Survey: After Reading a Good Review, Most Consumers Visit SMB Websites
October 31, 2016 | Contributed by: Greg Sterling
SEO firm BrightLocal is out with its now annual Local Consumer Review Survey 2016. The survey had just over 1,000 respondents.
It reveals a paradoxical pattern: consumers appear to have a specific yet mostly superficial approach to online review consumption. Here are some of the general findings:
- The vast majority of consumers (91%) rely on reviews regularly or at least occasionally to inform their purchase decisions
- More than 60% use a search engine to find reviews rather than navigating to a particular review site
- The dominant device on which reviews are read is the PC (at least here), though a majority also read reviews on mobile devices
- Restaurants and hospitality are the most common categories where consumers seek out reviews (medical follows thereafter)
- Most people seek between 4 and 10 reviews to feel confident about a business
- Most people look at more than one site to find reviews about a business or location (especially in travel)
As indicated, the survey seems to reflect that most people don’t look closely at reviews. The majority look at some overall metric and don’t go much deeper than that. For example, 80% here are not paying attention to whether a business has responded to reviews, let alone what was said.
In terms of the need for freshness or recency, the survey reflected that most people want to see reviews that are no older than six months but 51% expect reviews a month old or newer.
One of the more interesting findings concerns consumer actions taken after reading online reviews. These respondents are: 1) visiting local business websites or 2) going to the physical business locations, much more often than “contact[ing] the business” (e.g., phone calls). It’s not clear whether the website visit then leads to a contact (email, call, form) however.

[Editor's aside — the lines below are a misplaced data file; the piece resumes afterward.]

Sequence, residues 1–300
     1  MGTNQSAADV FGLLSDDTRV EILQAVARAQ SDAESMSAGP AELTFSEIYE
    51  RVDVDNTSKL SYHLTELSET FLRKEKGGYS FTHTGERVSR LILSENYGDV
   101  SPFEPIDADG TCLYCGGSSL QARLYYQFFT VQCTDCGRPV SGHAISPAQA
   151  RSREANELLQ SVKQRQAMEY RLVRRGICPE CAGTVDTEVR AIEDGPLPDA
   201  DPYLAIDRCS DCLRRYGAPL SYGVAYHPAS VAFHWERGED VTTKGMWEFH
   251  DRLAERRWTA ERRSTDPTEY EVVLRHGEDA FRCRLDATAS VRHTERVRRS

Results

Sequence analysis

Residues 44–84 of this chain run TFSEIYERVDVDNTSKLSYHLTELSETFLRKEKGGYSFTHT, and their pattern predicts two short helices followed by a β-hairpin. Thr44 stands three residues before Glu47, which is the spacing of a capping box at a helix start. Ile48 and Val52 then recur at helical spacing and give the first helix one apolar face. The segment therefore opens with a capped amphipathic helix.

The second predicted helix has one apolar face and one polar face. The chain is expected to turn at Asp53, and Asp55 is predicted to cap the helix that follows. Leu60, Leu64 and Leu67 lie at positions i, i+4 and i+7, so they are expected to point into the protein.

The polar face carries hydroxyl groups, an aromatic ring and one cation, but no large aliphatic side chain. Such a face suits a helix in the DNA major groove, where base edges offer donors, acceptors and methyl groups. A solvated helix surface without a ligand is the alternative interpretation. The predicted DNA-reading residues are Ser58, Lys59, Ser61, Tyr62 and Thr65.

I’m often critical of the notion that SMB websites figure prominently in the conversion process. But this finding above suggests that they do, even though the SMB website is not the original way the business was discovered.
The question of whether business owners should ask for reviews is hotly debated because of Yelp’s position on the matter discouraging it. Others emphatically argue that business owners must ask for reviews. The finding below validates the “ask for reviews” camp, suggesting that only a minority, if asked, won’t provide an online review.
Furthermore, aggregate data show that the majority of SMB customers generally hold favorable opinions and would likely offer positive reviews if asked. As Ted Paff of Customer Lobby has said, this is the silent, happy majority.
The last finding I wanted to call out is one that LSA survey data has also flagged before but it’s worth highlighting. The dominant place where people are recommending/reviewing local businesses online is on Facebook. Twitter is something of a surprise here in the number two position.
Facebook recently introduced a bunch of new tools for local discovery and commerce and has been incrementally moving in this direction for several years. However this slide reinforces the idea that the company has a massive still-unrealized opportunity in local.